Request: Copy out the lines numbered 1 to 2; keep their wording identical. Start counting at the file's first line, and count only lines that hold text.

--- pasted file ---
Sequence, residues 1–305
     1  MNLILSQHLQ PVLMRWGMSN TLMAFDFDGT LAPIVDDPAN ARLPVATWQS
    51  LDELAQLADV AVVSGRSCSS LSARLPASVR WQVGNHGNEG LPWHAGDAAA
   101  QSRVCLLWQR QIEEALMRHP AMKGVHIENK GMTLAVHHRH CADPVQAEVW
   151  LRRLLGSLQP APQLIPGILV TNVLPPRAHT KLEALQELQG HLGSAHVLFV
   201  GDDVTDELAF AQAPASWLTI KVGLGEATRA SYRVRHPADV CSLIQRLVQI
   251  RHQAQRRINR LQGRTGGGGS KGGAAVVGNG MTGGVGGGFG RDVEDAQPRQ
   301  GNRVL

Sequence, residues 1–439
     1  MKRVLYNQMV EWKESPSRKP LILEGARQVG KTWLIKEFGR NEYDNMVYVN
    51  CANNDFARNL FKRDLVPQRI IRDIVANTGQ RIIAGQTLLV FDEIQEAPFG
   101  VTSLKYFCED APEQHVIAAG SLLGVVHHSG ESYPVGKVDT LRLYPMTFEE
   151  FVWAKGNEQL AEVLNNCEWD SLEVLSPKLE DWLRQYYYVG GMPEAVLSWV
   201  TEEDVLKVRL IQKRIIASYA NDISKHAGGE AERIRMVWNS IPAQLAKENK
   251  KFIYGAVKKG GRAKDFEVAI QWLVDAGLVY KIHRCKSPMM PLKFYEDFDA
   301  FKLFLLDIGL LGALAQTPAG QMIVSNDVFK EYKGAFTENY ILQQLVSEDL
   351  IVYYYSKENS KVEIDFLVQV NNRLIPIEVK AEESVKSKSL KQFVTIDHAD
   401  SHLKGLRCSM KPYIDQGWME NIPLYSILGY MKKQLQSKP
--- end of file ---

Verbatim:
Sequence, residues 1–305
     1  MNLILSQHLQ PVLMRWGMSN TLMAFDFDGT LAPIVDDPAN ARLPVATWQS